In today’s hiring marketplace, a quality candidate experience is crucial to attracting the employees your organization needs to succeed.
Our team has been thinking a lot about how the candidate experience is changing — I shared my predictions earlier this year. I wanted to hear from a candidate experience expert about how technology, candidate expectations and other factors are fundamentally reshaping the application process, so I called Kevin W. Grossman, president of Talent Board, the leading research organization on the candidate experience.
Grossman and I spoke recently about how organizations can create a better candidate experience, and what the future of the candidate experience just might look like.
More Two-Way Communication
In the not-so-distant past, the beginning of the candidate experience was largely a matter of one-way communication. Candidates went to a job board or a company’s career page, applied for a job and waited to hear back. But now employers are seeking information about their candidate experience from candidates themselves, Grossman says. And this feedback doesn’t affect only the candidate experience; it’s also helpful in other areas. “It’s an opportunity to get insight on how potential candidates are viewing the employer brand as well,” he says.
This two-way street is creating a process with a higher level of perceived fairness. “[Feedback] is driving higher positive candidate ratings and a higher level of perceived fairness,” Grossman says. In fact, he says, research shows that this communication is so important to candidates that it creates higher positive ratings from all candidates, even those who don’t get very far in the process.
But feedback is only one aspect of creating a dynamic, fulfilling candidate experience. Organizations such as AT&T are making both chatbots and live agents available to answer questions during the application process, embracing a customer-driven approach. Additionally, Grossman recommends that companies utilize the power of social media to create virtual recruiting events. “There are companies who have experimented with answering questions live with recruiting coordinators,” he says. While this may be difficult to scale, it creates more touch points with candidates, and it offers even more insight into your organization.
A Flattened Application Experience
While applying for a job may never be as simple as ordering something from Amazon, Grossman says many companies have made their application process pretty short — some jobs take less than five minutes to apply for.
This ease of use is a reflection of our habits as consumers. We expect the apps on our phone to work simply and easily, and the candidate experience is mirroring that trend. However, Grossman says a shortened application process, while convenient, can be a double-edged sword. “While you’re making it easier to get people in the door, you’re also inviting a lot more applicants — and a lot more unqualified applicants,” he says.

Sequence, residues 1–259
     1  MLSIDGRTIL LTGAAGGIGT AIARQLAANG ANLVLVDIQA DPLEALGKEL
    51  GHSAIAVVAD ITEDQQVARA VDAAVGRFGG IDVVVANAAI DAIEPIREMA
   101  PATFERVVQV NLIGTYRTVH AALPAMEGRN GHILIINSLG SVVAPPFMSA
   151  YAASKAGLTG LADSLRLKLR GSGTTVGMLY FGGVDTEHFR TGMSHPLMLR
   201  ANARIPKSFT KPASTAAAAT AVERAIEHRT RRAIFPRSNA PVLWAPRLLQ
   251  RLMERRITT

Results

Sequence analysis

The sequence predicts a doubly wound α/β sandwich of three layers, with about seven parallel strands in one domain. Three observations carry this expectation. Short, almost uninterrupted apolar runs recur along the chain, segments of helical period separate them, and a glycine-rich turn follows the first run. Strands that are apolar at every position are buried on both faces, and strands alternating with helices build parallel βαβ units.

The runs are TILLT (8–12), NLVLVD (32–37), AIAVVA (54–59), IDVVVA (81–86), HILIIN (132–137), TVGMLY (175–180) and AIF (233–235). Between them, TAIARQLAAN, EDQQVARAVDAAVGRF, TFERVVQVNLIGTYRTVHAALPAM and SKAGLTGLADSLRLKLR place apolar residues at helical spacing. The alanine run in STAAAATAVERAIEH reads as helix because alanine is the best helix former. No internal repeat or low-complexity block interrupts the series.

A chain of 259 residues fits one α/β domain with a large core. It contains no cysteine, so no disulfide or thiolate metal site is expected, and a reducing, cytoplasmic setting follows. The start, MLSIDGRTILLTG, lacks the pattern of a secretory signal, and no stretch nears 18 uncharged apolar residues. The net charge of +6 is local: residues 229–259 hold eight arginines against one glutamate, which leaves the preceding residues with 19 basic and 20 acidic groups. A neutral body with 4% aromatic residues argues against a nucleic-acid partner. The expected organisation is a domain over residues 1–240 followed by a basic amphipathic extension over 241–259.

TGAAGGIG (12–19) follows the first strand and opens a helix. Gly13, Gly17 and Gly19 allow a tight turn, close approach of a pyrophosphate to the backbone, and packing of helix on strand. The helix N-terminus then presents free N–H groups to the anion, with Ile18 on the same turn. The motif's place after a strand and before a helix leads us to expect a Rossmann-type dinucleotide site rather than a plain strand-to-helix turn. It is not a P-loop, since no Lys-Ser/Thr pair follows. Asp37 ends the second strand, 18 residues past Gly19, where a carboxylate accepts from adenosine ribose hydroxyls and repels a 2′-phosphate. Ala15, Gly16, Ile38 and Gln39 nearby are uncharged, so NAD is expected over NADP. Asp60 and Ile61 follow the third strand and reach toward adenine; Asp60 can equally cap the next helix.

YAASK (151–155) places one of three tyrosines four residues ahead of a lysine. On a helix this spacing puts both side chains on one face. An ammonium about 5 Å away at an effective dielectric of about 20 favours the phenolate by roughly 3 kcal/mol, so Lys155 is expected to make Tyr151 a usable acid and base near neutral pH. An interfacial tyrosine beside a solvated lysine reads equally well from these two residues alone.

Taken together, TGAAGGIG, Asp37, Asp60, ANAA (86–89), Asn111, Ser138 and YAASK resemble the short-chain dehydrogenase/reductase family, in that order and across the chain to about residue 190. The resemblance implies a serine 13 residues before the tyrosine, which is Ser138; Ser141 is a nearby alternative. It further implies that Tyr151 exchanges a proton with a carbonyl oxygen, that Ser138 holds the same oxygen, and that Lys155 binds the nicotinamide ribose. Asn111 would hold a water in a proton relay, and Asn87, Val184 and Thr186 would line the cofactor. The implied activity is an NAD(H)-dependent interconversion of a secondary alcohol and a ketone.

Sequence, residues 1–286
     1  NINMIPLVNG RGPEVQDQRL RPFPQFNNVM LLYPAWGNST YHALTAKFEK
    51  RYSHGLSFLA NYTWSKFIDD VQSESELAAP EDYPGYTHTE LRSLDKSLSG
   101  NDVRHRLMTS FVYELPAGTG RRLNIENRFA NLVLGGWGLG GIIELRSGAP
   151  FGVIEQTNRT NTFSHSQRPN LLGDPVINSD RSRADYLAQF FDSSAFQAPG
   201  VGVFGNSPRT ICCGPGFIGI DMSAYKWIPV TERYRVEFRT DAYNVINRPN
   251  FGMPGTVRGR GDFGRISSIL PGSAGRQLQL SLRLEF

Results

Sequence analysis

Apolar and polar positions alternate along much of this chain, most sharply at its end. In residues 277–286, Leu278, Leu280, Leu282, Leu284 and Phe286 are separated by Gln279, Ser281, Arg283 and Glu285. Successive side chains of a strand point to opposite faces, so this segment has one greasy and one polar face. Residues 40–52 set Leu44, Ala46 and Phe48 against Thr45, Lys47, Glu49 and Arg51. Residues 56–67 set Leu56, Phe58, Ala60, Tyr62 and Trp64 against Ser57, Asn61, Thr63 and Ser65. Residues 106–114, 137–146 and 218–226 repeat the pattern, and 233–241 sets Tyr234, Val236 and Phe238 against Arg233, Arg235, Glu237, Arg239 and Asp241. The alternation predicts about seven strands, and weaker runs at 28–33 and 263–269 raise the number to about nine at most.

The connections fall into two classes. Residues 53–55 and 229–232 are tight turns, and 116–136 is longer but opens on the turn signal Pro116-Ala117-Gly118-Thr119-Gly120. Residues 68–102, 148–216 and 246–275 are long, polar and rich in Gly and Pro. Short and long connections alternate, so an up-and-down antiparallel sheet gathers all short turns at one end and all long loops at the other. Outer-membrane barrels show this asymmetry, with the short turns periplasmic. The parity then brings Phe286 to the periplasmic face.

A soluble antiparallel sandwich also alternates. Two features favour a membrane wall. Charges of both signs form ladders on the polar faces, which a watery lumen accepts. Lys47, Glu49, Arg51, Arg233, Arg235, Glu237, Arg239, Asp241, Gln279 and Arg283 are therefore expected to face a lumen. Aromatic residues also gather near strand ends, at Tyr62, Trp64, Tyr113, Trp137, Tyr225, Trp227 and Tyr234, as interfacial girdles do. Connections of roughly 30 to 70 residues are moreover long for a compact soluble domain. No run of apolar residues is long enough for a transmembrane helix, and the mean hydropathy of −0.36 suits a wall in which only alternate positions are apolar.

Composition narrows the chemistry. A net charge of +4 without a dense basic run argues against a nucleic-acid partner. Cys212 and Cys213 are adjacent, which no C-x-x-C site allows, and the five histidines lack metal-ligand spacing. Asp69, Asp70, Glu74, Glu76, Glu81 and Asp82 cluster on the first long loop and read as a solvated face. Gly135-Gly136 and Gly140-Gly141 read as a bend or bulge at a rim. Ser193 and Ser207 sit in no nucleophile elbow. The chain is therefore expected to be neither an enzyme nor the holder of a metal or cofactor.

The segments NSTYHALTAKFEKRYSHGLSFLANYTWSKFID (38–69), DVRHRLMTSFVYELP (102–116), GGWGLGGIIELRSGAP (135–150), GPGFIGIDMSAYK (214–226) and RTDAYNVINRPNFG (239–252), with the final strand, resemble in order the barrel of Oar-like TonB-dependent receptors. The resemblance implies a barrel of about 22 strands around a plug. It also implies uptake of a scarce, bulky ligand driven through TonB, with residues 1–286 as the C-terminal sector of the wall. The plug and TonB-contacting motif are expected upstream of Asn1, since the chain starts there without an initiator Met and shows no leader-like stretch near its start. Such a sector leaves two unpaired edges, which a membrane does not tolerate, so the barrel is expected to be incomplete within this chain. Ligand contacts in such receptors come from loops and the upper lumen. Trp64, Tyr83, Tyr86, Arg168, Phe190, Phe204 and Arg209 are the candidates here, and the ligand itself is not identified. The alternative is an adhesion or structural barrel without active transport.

To counter this, introduce assessments earlier in the process. Grossman says companies that put assessments closer to the initial application stage are better able to filter out unqualified candidates, while still making it easy to apply for jobs.
A New Generation of Candidates
Both millennials and Generation Z are beginning to take up a larger share of the workforce, with millennials even beginning to move into leadership roles. While the two generations are by no means mirrors of each other, both of the first digital native generations to enter the workforce place a value on diversity. “They want more information about diversity and inclusion,” says Grossman.
This focus on diversity also extends to company culture, says Grossman, and employer brand websites must target their efforts towards an authentic message about the company’s culture and values. “You can choose not to invest in some of these things,” warns Grossman, “but you will lose out on potential key candidates, both near-term and long-term.”
More Assessments and Job Simulations
I also asked Grossman to look a bit further into the future of the candidate experience. What’s it going to be like in ten years?
Grossman points to a rise in video screenings. But he also believes that advances in technology will help power a currently-nascent form of assessment: job simulations. Though a few companies use these already, the tools will become much more powerful, allowing recruiters to predict someone’s performance in a specific role.
Embracing such a powerful new tool, Grossman says, will also help candidates in an area that is particularly important: perceived fairness. “I would argue assessments and simulations will be better than the behavioral interviews that we do now,” he says. Giving candidates the chance to show off their skills will help them feel better about the fairness of the recruiting process, and they’ll feel confident that they’re being judged by more than the words on their resume.